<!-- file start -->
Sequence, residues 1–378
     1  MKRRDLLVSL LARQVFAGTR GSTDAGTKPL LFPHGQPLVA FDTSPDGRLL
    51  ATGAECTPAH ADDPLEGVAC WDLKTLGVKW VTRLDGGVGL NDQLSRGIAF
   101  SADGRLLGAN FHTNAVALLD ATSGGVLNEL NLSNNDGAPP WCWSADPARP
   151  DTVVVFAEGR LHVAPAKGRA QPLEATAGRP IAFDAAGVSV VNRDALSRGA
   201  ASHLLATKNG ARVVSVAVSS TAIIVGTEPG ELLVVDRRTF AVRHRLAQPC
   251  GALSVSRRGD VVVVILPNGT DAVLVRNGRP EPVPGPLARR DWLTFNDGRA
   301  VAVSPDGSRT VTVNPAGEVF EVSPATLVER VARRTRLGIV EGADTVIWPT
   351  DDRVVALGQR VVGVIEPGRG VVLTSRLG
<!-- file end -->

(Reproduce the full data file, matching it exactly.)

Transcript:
Sequence, residues 1–378
     1  MKRRDLLVSL LARQVFAGTR GSTDAGTKPL LFPHGQPLVA FDTSPDGRLL
    51  ATGAECTPAH ADDPLEGVAC WDLKTLGVKW VTRLDGGVGL NDQLSRGIAF
   101  SADGRLLGAN FHTNAVALLD ATSGGVLNEL NLSNNDGAPP WCWSADPARP
   151  DTVVVFAEGR LHVAPAKGRA QPLEATAGRP IAFDAAGVSV VNRDALSRGA
   201  ASHLLATKNG ARVVSVAVSS TAIIVGTEPG ELLVVDRRTF AVRHRLAQPC
   251  GALSVSRRGD VVVVILPNGT DAVLVRNGRP EPVPGPLARR DWLTFNDGRA
   301  VAVSPDGSRT VTVNPAGEVF EVSPATLVER VARRTRLGIV EGADTVIWPT
   351  DDRVVALGQR VVGVIEPGRG VVLTSRLG